Breeding authority Peter Wharton presents all the harness racing news on breeding from Australia, New Zealand and North America every Friday brought to you by Garrard’s Horse & Hound.   Half-brothers win at Cambridge   It was no mean feat for the half-brothers The Lone Ranger and Cruzee Mach to win consecutive races at Cambridge Raceway last week.   The Lone Ranger, a six-year-old gelding by Sportswriter, won for the fifth time, while Cruzee Mach, a three-year-old Mach Three gelding, notched his maiden success.   Cruzee Lass, the dam of The Lone Ranger and Cruzee Mach, was a smart racemare in her own right, winning nine races, earning $99,544 and taking a mile record of 1:58.4. At the stud she has left eight individual winners – six inside 2:00 – from nine foals of racing age including Rocknroll Princess 1:54.6 ($94,153), Sweet Art (1:56.6) and Ace Strike, who won at Manawatu last Tuesday in 1:57.8.   By Christian Cullen, Cruzee Lass was out of the Holmes Hanover mare Shivna (1:57.2), the winning dam of the exported Freespin 1:52.2 ($253,744) and the Gloucester Park winner Cruzee Princess (1:57.4).   Shivna, who won the Great Northern Breeders Stakes at Auckland, was a half-sister to five winners including the Hannon Memorial winner Derby (1:58.1), being out of Anna Pavlova, by Armbro Del from the grand producing mare Coo Doo.   Other members of this family have been the NZ Derby winner Captain Peacock, Life Of Luxury (1:51), a Stakes winner in America, Extender (1:49.2), Moscow (Bunbury Cup), Elegant Christian (WA Western Gateway) and Shoobee Doo (NSW Tatlow).   The Lone Ranger winning at Cambridge     Inter Dominion lineups   Bettor’s Delight will be represented by five runners in the 12-horse field for next Saturday’s $500,000 Inter Dominion Pacing Championship Grand Final.   The quintet are Ultimate Sniper, Thefixer, Ashley Locaz, On The Cards and My Kiwi Mate.   Mach Three is the only other sire with multiple representation – Mach Shard and San Carlo.   Five other stallions have a single runner.   In the trotters’ section, Majestic Son has three runners including the two leading pointscorers, Winterfell and Majestic Man. His third rep is Valloria.   Monarchy, Love You, The Pres and Muscle Mass all have two finalists, while Sundon has a single entrant, Marcoola.       Treble for Woodlands Stud   Woodlands Stud bred the first three winners on the third night of the Auckland Inter Dominion carnival in Some Do (Bettor’s Delight-Dream Offer) and the three-year-olds Need You Know (Bettor’s Delight-Lady Antebellum) and Copy That (American Ideal-Lively Nights).   Some Do winning at Alexandra Park     Country Cups King   A double winner on the Victorian Country Cups circuit this season is the Ballarat pacer Phoenix Prince, who is expected to be Grand Circuit material.   Only a six-year-old, he showed up last season as a five-year-old above average when he won twice in Free-for-all company at Melton.   Phoenix Prince                                                          photo by Stuart McCormick   Phoenix Prince is by a champion American pacer in Somebeachsomewhere from Classic Cathy, by Classic Garry from the broodmare gem Sans Pareil. This is the family that left a grand juvenile in Part Of Glory, a cups class pacer in Swishinon and an Oaks winning filly in Doug’s Courage.   The 10th foal and sixth winner of his dam, Phoenix Prince was bred by Bacchus Marsh enthusiasts Shannon and Meaghan Nixon, who part-own him.     Gabbana the top banana!   Gotta Go Gabbana, a grand looking Gotta Go Cullect mare, is rated Western Australia’s top female pacer this season, particularly after her success in the Group 1 $125,000 Westral Mares Classic, one of the season’s major feature races.                                                                                         -- photo by Jodie Hallows   She has now won 13 races with 19 placings from 49 starts for $228,614 in stakes.   In the Mares Classic, Gotta Go Gabbana was never really extended in running out the 2536 metres in a 1:57.3 rate, the last 800 in 56.1 and the final 400 in 27.5 – figures which she could have sharply improved.   She is a six-year-old by Gotta Go Cullect, a top colt pacer in NZ by Christian Cullen out of Elect To Live, a champion filly who won 19 races – five at Group 1 level – and a record $535,800.   On her dam’s side, Gotta Go Gabanna has a good deal in her favour than most. She is out of Lady Gabbana (2:02), a WA Sires Stake 2YO Final placegetter, by Kinney Hanover from Whitby’s Beachbabe, by Beach Towel from Whitby Bay, by Tarport Adios from Appro Bay.   Gotta Go Gabbana is the best winner from this family in recent years but in an earlier decade it produced a top flight youngster in Henry Te Whitby, who won nine races.     Noted family of trotters   Maorishadow, who has won four races this season including two at Melton, was bred in Victoria and is a member of Australia’s most successful family of trotters.   By Pegasus Spur, Maorishadow could well have distinguished herself as a pacer as her dam, Maoris Lass, was out of the Romeo Hanover mare Lauretta, who won as both a pacer and trotter.   Lauretta’s dam, Maori Mia, a daughter of leading pacing sire Kentucky, left five winners including the Group 1 winning square-gaiters Maori’s Glory ($109,366) and Maori Demon, and was the ancestress of top trotters Broke As Usual, Kyvalley Kyrie, Master Maori, Vincennes, Kinvara Sue and others.   Maori Mia, who was only lightly raced, was out of Maori Miss, a dual-gaited mare who left eight individual winners including the legendary Maori’s Idol and was awarded Broodmare of the Year on three occasions.     Bettor’s Delight trifecta   The Group 3 Northern Breeders Stakes, run at Auckland, was a triumph for Bettor’s Delight as the sire of the first three placegetters, Belle Of Montana 1 st , Wainui Creek 2 nd and Bettor’s Heart 3 rd – rather a notable siring feat.     Bettor’s Delight was also the sire of the dam of the fourth placegetter, Havtime.     Tiffany Rose is classics material   The New Zealand bred filly Tiffany Rose is proving herself a smart three-year-old – she is unbeaten in four starts on Australian soil – and could develop into one of the best her age this season.   A filly by Somebeachsomewhere, Tiffany Rose ranks as a half-sister to a top flight pacer in Code Black 1:50.8 ($338,235), who ran a close third in the Cranbourne Cup last Saturday, the exported Lovin Miss Daisy 1:50.4 ($199,695) and Nakuru (1:55.2), a winner of three races in NZ to date.   Their dam, Christian Watch, who was only lightly raced, was by Falcon Seelster from the Christian Cullen mare Turkana 1:58.3 ($112,148), whose six successes included the 2004 Queensland Oaks and the Nevele R DB Filly Series. At the stud Turkana became the dam of four winners – three in 2:00 – headed up by the recent NSW provincial winner Dark Side 1:57.6 ($93,554).   Turkana was out of Kisumu, a NZ Sires Stakes 2YO champion by Nero’s B B from Kinshasha, by Armbro Del from Hindu Star, a daughter of the NZ Oaks winner Petro Star.   Bred by Graeme Iggo, Tiffany Rose looks a three-year-old with the potential one would expect of her breeding.     First winner for Franco Jamar   Franco Jamar, a well performed Courage Under Fire horse from a strong NZ family, and who is standing in Bridgetown (WA), was represented by his first winner in the three-year-old gelding Keptain Courageous.   The gelding had been placed in five of his previous eight starts. Franco Jamar has only eight foals of racing age.   Franco Jamar         -- James Jubb photo   Keptain Courageous is the fourth foal of his dam, Switch Me On (2:01.9), a Safely Kept half- sister to the prolific Gloucester Park winner Black As Knight (1:58).     Last foal of Our Sir Vancelot   The six-year-old Pensare Princess, who notched her second win at Wagga, is the last foal of the triple Inter Dominion champion Our Sir Vancelot.   The mare was bred and is raced by the Junee-based Allamby family who owned Our Sir Vancelot throughout his stellar racetrack career.   Pensare, the dam of Pensare Princess, is a granddaughter of champion racemare Sabilize, who twice won the NSW Ladyship Mile and was twice placed in the Miracle Mile.   Our Sir Vancelot, who died in 2017, sired 244 individual winners and almost $11 million inprogeny earnings.         By Peter Wharton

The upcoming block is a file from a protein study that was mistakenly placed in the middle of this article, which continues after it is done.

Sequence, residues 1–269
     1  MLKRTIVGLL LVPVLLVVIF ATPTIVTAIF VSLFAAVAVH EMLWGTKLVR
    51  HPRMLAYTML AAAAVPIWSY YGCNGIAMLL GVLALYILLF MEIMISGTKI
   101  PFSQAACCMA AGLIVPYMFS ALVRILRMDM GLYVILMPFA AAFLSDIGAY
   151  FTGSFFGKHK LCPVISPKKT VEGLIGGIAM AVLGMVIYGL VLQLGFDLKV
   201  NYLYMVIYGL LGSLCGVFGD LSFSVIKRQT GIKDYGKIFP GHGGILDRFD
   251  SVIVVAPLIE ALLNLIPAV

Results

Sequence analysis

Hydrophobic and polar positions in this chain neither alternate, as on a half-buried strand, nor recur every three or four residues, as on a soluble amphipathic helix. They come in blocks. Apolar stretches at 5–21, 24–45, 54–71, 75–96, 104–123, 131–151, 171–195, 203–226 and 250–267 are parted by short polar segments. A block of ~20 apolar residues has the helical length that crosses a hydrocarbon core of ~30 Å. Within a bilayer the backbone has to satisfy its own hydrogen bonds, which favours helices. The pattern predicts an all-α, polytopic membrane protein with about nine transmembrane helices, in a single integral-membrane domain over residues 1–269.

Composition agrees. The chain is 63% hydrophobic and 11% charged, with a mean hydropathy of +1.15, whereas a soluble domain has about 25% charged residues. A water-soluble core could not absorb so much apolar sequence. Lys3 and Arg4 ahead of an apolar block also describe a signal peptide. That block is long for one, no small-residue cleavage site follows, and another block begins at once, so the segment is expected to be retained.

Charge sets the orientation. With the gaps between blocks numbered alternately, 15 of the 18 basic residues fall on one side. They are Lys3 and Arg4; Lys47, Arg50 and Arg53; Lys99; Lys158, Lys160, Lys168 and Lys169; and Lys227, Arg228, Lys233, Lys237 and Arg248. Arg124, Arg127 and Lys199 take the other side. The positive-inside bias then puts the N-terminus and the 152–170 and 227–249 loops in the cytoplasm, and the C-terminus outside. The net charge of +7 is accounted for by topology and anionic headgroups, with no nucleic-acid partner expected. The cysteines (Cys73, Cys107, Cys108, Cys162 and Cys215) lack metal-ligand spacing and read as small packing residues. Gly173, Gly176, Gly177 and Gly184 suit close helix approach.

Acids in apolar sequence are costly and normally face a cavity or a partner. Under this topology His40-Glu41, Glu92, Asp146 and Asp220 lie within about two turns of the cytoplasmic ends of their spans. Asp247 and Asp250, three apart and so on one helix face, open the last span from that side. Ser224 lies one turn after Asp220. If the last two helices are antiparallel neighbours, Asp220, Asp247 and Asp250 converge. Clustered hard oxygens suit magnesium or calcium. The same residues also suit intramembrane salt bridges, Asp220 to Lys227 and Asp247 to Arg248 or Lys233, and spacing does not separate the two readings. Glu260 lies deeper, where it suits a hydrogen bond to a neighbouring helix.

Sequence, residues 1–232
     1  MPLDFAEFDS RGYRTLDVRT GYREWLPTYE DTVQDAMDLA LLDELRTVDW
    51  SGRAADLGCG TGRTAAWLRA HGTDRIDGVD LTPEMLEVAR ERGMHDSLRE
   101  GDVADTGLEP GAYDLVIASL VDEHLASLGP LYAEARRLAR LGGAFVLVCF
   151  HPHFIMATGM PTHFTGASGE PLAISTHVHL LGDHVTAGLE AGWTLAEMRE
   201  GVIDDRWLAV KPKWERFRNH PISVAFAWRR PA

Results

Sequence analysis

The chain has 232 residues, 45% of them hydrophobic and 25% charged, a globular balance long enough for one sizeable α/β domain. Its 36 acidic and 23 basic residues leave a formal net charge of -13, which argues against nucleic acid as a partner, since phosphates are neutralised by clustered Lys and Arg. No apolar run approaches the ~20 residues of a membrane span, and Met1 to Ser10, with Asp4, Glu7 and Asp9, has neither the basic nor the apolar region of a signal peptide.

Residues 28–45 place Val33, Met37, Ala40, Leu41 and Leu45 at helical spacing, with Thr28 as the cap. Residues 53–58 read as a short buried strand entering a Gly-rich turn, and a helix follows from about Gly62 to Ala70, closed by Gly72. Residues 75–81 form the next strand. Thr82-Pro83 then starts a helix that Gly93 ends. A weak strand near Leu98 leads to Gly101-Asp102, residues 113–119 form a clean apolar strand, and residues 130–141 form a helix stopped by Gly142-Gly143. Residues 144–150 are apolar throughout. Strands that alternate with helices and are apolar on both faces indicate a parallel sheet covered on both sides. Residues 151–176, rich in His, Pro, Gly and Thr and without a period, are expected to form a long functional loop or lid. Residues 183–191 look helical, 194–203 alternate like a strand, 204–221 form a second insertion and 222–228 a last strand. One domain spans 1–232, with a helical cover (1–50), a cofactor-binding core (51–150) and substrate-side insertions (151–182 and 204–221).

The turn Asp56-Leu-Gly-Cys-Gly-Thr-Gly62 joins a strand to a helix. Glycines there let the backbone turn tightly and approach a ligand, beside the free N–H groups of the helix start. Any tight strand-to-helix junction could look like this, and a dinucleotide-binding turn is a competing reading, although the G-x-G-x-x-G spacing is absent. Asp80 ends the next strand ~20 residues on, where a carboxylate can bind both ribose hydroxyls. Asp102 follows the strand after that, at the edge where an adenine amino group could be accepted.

The heats of the McKillop Insurance Brokers Tassie Golden Apple and the last two heats of the 6ty° Youngbloods Challenge make up four of the seven races in Launceston tonight. The Tassie Golden Apple heats have attracted a rare mix of free-for-all pacers, horses that are just in the next group down, claimers and horses that appear to be destined to head to the country cup carnival over the summer. The mix is seen in heat two where Illegal Immigrant will start race favourite from his 30-metre handicap. One pacer in the race who’s performance will help their trainer determine on what path they go down over the summer months is the Mark Reggett trained Dasher Houli in heat two. The gelded son of Stonebridge Regal is first up since contesting a heat of the Tasmania Cup in early March where he finished in the back half of the field, and the trainer is happy with the pacers recent trial performances. “His first trial he had a decent blow, he needed the hit out but I was really happy with his last trial where he went to the line really good,” said Reggett about the 25 November trial in Hobart. “He will take some benefit from the run but he is ready to run a good race first-up,” added the trainer. Reggett was concerned about where the pacer was going to be when harness racing in Australia moved to a new national rating system on 1 July but he is happy with where the pacer is rated at with the conversion. “I wasn’t sure about the rating system but he is at the lower end of the free-for-all class which is good with the number of standing starts coming up,” explained Reggett.  Illegal Immigrant winning in Hobart earlier this year.   The Brighton based trainer rates the 30-metre backmarker Illegal Immigrant as the hardest to beat. “Illegal Immigrant is the hardest to beat so we need to capitalise on the front row draw,” Reggett said. Dasher Houli is yet to win a standing start race in four tries but the trainer was pleased with his manners in a recent trial. “Taylor (Ford) hunted him away in his last standing start trial and he got away real good,” said the trainer who has given Ford the drive tonight. Tonight’s assignment will help the trainer work out where he goes next with the seven-year-old gelding. “If he performs well in the series we will aim at some of the better races this season, if not we will just look for races that will be suitable for him.” Heat one of the Golden Apple is race three on the card where Ryley Major will start a short-priced favourite. Ryley Major is arguable the best pacer racing in the state at present and despite a 30-metre handicap, the race does appear to be a drop-in class for the talented pacer who has won 21 of his 31 starts. His trainer, Rohan Hillier will take the reins once again in tonight’s event. The first six horses past the post qualify for the $30,000 final that will be held in Launceston on Saturday night 21 December. The Launceston card tonight also sees the final two heats of the 6ty° Youngbloods Challenge. The series for the states best young up and coming drivers have seen heats staged in Devonport and Hobart in recent weeks and it is a tightly contested leader board. Andrew Freeman heads the points table on 40 points with Ben Woodsford and Taylor Ford on 39 with Charlie Castles heading the rest on 22. Races two and five are the final two heats of the six-race series.   Duncan Dornauf for Tasracing